Methadone is a opioid agonist drug used in medication-assisted treatment for recovering heroin and opiate addicts. Meant to help subdue withdrawal symptoms, methadone is intended to help users wean off of harder drugs like heroin. Though effective, this drug can become highly addictive and can induce highs lasting up to eight hours if abused. Without medical guidance, methadone can cause life-threatening and sometimes fatal results.
Methadone is a long-acting opioid agonist used in medication-assisted treatment for addiction. It is commonly prescribed to struggling opiate and heroin addicts in an effort to wean them off of the drug without providing the same euphoric effects. In prescribed doses, methadone can help to suppress painful and uncomfortable withdrawal symptoms and reduce cravings for hard drugs.
As a full agonist, methadone binds to opioid receptors in the brain triggering them to release endorphins to produce pain relief. At higher doses, methadone can induce a state of euphoria in users and become addictive. The larger the dose, the more effects it can produce unlike partial agonists — including drugs like buprenorphine and Suboxone — that have a ceiling effect on the level of high they can produce. This quality is what makes methadone addictive when abused, though it is not uncommon for users to develop a dependence when using the drug in prescribed doses.
The intensity of methadone effects greatly depend on how it is administered and the dosage. Methadone is available in a few different forms, including:
- Oral tablets, 5 – 10 mg
- Dissolvable tablets, 40 mg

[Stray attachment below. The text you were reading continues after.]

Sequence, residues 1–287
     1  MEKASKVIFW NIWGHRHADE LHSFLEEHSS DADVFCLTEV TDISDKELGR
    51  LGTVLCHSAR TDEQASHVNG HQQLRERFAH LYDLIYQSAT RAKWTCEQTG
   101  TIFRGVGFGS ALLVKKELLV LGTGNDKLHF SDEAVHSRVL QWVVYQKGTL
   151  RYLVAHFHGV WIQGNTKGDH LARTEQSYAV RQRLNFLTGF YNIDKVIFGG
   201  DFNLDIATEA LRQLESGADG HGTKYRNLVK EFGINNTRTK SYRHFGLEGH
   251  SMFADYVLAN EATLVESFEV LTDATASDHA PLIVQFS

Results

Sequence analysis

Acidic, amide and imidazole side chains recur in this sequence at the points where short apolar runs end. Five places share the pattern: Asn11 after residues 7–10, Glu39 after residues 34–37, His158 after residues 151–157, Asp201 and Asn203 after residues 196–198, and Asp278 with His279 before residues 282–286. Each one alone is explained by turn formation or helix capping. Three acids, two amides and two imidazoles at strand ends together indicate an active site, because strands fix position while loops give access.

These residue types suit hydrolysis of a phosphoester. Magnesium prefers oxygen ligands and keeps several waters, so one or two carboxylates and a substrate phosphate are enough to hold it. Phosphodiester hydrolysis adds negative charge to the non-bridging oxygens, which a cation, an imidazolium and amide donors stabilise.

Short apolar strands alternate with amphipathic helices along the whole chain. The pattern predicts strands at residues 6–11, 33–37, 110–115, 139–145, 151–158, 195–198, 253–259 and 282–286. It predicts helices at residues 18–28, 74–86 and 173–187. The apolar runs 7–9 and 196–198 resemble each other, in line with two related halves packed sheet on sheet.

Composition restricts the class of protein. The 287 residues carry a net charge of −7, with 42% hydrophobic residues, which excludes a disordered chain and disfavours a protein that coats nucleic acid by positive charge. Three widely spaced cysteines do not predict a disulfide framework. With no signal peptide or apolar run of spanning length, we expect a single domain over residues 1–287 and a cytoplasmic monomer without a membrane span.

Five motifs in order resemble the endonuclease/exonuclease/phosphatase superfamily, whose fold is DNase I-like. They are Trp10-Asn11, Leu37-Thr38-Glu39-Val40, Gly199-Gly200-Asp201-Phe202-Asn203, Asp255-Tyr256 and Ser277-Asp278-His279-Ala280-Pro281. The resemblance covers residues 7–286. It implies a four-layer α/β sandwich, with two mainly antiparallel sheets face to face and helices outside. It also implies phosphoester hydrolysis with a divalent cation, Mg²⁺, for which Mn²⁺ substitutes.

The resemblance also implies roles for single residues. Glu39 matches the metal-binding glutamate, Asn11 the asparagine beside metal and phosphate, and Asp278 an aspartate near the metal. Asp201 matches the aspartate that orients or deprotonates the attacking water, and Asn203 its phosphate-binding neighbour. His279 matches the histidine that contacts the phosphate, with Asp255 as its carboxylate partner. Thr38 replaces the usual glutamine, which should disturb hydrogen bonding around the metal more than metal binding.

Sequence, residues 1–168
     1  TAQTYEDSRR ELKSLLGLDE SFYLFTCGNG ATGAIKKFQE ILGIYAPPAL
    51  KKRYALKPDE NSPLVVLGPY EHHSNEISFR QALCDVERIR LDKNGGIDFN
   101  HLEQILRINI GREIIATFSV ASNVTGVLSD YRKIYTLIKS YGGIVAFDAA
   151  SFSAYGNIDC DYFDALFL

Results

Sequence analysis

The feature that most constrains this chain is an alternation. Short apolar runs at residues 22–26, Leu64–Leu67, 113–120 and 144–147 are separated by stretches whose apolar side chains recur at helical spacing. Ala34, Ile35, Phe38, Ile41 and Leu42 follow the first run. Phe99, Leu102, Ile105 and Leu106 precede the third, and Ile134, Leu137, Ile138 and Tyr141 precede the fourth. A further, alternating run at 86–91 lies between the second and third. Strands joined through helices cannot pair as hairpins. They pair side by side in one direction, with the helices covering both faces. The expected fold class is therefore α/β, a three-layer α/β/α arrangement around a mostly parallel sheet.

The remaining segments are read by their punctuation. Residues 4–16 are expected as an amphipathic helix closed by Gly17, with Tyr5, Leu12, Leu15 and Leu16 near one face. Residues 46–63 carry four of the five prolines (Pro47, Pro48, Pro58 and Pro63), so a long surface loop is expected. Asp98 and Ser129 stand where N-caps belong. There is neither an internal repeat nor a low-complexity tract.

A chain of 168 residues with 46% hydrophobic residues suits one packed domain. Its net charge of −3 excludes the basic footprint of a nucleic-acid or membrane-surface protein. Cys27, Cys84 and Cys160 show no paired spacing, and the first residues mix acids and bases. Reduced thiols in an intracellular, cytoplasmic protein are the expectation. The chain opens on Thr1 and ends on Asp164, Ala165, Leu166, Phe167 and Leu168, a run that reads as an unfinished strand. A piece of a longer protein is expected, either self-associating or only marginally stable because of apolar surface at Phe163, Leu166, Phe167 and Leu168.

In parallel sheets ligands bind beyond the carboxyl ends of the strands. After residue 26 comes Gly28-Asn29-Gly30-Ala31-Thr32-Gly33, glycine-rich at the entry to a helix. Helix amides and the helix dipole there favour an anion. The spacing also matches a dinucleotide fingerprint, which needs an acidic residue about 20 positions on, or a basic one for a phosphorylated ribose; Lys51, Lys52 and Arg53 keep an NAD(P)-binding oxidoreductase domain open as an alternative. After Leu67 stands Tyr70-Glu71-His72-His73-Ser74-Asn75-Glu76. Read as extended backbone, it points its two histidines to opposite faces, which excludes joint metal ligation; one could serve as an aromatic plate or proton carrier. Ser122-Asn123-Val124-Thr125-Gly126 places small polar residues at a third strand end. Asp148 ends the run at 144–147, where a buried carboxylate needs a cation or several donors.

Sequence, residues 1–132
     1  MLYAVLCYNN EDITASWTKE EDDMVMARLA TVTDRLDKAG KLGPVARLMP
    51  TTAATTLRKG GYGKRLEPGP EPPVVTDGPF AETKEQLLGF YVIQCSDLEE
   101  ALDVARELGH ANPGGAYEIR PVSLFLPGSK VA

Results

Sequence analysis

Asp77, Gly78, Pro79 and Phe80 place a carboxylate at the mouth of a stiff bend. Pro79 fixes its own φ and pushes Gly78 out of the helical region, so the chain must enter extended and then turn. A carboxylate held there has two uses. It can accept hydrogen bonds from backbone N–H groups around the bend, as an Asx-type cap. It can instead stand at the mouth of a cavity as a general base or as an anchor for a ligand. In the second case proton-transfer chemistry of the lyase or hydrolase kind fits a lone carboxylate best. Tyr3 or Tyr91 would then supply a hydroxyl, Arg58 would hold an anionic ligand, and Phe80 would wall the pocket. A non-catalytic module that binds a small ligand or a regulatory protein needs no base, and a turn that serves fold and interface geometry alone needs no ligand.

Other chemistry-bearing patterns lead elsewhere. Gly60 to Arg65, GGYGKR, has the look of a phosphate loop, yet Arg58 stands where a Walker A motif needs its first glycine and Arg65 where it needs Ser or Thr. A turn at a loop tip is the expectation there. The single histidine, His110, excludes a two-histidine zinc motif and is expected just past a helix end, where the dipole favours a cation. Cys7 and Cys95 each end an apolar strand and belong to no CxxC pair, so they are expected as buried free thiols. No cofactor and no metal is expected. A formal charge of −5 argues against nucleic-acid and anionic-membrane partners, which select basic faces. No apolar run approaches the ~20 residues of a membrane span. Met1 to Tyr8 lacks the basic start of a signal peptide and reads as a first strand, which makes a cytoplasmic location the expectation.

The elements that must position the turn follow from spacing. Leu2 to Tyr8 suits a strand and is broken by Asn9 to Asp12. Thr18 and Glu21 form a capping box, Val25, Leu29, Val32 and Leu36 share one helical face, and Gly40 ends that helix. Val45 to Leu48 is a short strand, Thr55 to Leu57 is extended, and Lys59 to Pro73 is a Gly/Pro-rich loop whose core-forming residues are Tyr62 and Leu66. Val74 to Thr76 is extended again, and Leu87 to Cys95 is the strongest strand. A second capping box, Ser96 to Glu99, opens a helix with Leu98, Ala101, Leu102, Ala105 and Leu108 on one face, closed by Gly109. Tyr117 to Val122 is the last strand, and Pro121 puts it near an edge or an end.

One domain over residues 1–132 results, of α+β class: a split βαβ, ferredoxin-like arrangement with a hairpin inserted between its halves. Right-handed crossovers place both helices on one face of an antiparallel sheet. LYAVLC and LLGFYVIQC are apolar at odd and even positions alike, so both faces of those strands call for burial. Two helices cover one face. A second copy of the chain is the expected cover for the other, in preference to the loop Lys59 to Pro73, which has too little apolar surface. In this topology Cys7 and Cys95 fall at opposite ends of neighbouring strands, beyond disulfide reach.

- Oral solution, 1 – 2 mg/mL
- Injectable solution, 10 mg/mL
When injected intramuscularly or subcutaneously — right under the surface of the skin — onset effects begin between 34 – 50 minutes, similar to when administered orally. When taken orally, methadone effects begin within 30 – 60 minutes. However, the effects can last up to 48 hours depending on how frequent the user consumes the drug.
A typical methadone high can last anywhere between 6 – 8 hours, though the drug can remain in the body up to four days. A user high on methadone can experience a number of effects including euphoria, sedation and drowsiness. Other common side effects of methadone abuse include:
- Nausea and vomiting
- Facial flushing
- Stomach pain
- Cotton mouth
- Constricted pupils
- Decreased heart rate
Chronic methadone use is also responsible for life-threatening health concerns, including dependence and overdose. Other adverse effects of frequent methadone use include:
- Mood swings
- Heart issues
- Weight loss
- Altered sensory perceptions
Methadone, though intended as an effective medical aid, has the potential to be highly addictive. Doctors strongly urge to take only what is prescribed to you and under strict guidance. If you are experiencing adverse effects from taking methadone or if you are worried that you’ve become dependent, resources like The Recovery Village are available to help you. Our trained medical experts will be able to provide you with the tools and treatment necessary to live a healthier life. Don’t wait another day to being your recovery journey.
The Recovery Village aims to improve the quality of life for people struggling with substance use or mental health disorder with fact-based content about the nature of behavioral health conditions, treatment options and their related outcomes. We publish material that is researched, cited, edited and reviewed by licensed medical professionals. The information we provide is not intended to be a substitute for professional medical advice, diagnosis or treatment. It should not be used in place of the advice of your physician or other qualified healthcare providers.